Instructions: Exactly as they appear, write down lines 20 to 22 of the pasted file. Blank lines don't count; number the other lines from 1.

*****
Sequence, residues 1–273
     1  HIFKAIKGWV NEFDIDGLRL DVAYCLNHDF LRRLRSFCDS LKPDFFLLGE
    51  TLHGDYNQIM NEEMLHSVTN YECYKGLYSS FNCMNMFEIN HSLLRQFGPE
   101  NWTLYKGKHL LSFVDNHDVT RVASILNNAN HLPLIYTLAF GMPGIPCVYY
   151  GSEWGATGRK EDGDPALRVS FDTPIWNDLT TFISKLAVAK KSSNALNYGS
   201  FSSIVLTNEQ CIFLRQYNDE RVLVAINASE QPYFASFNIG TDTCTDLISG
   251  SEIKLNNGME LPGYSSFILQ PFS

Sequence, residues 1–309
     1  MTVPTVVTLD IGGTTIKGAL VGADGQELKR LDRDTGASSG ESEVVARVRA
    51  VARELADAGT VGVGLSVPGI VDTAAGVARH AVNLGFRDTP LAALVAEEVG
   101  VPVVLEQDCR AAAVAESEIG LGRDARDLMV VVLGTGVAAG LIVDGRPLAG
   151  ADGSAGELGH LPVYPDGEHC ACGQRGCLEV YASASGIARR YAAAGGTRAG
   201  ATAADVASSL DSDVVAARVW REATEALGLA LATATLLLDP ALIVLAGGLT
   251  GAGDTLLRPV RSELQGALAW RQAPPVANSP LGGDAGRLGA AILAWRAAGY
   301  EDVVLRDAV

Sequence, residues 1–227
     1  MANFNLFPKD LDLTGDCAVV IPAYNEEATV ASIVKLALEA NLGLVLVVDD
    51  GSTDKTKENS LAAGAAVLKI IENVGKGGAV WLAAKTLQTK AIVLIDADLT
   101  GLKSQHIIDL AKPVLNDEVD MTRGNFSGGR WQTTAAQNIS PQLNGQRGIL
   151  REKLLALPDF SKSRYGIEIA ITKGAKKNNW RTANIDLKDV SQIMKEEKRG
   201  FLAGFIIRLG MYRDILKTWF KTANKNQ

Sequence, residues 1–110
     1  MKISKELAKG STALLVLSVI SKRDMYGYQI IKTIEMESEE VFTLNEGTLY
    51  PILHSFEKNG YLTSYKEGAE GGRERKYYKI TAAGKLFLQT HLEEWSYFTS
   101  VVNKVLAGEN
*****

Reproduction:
   151  REKLLALPDF SKSRYGIEIA ITKGAKKNNW RTANIDLKDV SQIMKEEKRG
   201  FLAGFIIRLG MYRDILKTWF KTANKNQ

Sequence, residues 1–110